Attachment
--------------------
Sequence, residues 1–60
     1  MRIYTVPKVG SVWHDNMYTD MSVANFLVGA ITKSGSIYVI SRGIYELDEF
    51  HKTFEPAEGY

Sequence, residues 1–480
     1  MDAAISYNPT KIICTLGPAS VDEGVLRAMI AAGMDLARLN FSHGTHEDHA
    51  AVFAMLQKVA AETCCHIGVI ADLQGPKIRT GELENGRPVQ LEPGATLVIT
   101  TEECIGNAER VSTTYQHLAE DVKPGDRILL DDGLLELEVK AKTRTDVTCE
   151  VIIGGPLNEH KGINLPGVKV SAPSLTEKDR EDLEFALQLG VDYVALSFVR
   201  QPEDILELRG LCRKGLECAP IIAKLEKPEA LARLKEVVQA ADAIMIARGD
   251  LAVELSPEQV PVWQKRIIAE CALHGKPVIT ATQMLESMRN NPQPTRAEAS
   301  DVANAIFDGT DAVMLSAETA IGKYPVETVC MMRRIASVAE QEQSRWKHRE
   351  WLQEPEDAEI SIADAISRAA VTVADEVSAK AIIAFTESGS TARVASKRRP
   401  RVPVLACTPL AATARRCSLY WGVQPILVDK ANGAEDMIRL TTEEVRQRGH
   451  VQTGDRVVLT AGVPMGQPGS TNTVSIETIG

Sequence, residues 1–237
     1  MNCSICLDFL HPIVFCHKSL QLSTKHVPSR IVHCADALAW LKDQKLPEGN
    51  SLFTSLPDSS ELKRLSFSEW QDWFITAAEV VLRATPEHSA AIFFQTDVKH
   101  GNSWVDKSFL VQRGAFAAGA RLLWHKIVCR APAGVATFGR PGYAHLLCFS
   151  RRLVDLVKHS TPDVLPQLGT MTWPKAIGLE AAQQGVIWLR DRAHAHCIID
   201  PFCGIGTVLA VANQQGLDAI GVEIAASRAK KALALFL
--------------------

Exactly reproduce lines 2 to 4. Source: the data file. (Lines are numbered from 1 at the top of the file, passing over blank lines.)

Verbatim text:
     1  MRIYTVPKVG SVWHDNMYTD MSVANFLVGA ITKSGSIYVI SRGIYELDEF
    51  HKTFEPAEGY

Sequence, residues 1–480